After Years & Years we headed over to the Miller Lite stage to see Sylvan Esso who had traveled from North Carolina. They’re electropop sound was just the right thing to keep the high energy going, and it was such a dance party. Despite being blasted by the sun, Amelia Meath, the band’s lead singer, did plenty of twerking and threw in a good amount of high kicks. Even with her dancing all over the stage, she maintained a great sound and her melodious voice kept the music sounding great.

After another midday break, we decided to post up under this year’s new installation of different colored flags to listen to the Alt-J show who played on the Honda stage. Alt-J would be classified as indie rock but they are so much more, and have such a unique sound. They sounded fantastic, almost exactly like their album, but there seemed to be a definite lack of energy and interaction with the crowd. They were a fun band to watch from afar, away from the crowded front.

Lastly we made sure to check out both closers, but started out at The Strokes, another indie rock band, who has been around since 1998. They had plenty of hits to play, and they seemed to cover them all. As the show started, it was easy to notice Julian Casablanca slurring through the lyrics. “Such a shame, since they’re such a good band,” was said by a festival goer, as it was hard to enjoy the show much when the vocals sounded so sloppy. As the show progressed it seemed to improve, and by the time they played their fifth song Julian almost sounded sober. We made our way over across the park to listen to Weeknd, often turning around to listen to a familiar Strokes song, but were very pleased to hear what was going on at the Honda Stage. The Weeknd were high energy, had the crowds dancing and shouting, and sounded nearly flawless. It was the ideal end to the three day madness.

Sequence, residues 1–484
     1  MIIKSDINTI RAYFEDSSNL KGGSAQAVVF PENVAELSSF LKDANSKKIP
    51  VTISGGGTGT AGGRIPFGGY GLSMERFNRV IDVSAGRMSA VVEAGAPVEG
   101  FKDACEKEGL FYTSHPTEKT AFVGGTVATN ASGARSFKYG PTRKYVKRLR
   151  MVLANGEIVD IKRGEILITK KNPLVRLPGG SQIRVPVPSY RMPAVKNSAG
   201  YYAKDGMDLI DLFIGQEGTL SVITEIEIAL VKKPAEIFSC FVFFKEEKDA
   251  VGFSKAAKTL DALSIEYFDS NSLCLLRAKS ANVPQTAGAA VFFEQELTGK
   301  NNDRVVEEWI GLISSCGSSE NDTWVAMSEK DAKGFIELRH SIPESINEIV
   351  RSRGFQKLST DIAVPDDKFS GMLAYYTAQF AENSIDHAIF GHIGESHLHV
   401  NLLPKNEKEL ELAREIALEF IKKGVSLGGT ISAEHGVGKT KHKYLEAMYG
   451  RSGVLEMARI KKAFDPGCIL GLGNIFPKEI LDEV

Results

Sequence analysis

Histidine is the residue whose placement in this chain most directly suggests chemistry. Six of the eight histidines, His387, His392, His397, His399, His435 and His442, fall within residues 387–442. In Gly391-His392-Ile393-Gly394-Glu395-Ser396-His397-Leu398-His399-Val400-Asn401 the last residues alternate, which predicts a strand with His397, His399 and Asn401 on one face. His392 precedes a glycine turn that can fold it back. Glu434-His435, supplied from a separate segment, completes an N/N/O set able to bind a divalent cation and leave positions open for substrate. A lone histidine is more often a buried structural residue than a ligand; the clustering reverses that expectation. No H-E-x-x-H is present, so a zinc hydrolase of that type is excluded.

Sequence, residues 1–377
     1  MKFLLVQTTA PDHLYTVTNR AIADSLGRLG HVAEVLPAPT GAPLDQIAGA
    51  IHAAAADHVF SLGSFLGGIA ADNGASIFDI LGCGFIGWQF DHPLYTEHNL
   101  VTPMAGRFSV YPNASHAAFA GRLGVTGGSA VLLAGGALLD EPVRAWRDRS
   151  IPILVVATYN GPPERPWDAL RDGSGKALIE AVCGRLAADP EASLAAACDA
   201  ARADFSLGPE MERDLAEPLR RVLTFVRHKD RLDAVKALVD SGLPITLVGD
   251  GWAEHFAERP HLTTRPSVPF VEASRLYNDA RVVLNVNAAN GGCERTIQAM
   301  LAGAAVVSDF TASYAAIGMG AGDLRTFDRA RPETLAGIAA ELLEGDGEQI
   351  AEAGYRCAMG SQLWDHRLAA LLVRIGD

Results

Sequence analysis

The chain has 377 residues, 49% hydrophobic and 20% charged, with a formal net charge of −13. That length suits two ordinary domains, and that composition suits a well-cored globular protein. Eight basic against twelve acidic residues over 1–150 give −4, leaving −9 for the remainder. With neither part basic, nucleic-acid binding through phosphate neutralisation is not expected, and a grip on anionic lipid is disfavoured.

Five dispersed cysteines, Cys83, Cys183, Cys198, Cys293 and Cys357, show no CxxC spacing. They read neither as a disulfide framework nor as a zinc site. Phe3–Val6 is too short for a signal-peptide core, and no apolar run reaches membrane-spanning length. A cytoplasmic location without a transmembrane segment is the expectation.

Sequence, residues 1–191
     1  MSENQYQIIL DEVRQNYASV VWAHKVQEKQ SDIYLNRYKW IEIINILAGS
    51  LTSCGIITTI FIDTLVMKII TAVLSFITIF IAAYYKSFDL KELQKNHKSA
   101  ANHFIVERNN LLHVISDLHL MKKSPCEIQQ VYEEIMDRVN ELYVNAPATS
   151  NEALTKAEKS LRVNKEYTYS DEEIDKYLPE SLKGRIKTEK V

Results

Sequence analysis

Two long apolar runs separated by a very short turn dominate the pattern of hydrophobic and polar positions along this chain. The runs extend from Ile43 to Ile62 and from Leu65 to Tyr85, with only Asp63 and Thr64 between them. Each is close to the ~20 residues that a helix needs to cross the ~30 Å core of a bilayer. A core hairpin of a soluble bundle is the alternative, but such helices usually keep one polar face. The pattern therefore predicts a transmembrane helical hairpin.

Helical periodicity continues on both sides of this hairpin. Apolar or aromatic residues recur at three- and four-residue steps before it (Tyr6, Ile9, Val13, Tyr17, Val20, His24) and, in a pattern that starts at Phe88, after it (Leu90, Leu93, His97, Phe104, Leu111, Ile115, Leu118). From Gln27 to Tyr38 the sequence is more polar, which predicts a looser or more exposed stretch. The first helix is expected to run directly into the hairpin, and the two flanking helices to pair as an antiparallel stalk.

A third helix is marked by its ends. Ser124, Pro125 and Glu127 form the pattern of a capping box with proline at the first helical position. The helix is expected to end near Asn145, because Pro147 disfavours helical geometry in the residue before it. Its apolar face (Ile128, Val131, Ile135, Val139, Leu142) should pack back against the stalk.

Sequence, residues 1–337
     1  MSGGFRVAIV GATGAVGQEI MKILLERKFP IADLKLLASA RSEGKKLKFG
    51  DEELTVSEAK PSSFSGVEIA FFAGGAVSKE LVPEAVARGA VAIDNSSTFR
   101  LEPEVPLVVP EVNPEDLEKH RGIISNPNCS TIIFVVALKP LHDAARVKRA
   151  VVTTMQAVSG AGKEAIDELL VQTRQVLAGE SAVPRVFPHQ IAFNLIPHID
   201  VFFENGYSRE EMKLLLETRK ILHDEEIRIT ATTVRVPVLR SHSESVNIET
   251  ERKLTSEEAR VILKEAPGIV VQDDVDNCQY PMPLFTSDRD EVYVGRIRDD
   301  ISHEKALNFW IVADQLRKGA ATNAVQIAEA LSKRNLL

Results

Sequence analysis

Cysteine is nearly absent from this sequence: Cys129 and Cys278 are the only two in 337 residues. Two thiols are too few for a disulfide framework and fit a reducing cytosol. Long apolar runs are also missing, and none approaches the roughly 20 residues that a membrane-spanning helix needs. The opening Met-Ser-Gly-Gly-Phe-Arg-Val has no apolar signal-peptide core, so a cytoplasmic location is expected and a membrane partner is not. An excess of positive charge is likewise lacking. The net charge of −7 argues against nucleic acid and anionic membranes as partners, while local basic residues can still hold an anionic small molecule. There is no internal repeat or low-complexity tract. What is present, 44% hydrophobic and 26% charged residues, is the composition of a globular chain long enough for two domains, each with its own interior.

Weekend two has big shoes to fill! With only a slightly different lineup, it’ll be exciting to see what next weekend will bring. Stay tuned!

Words: Monique Rodriguez
Images: Zoe Miranda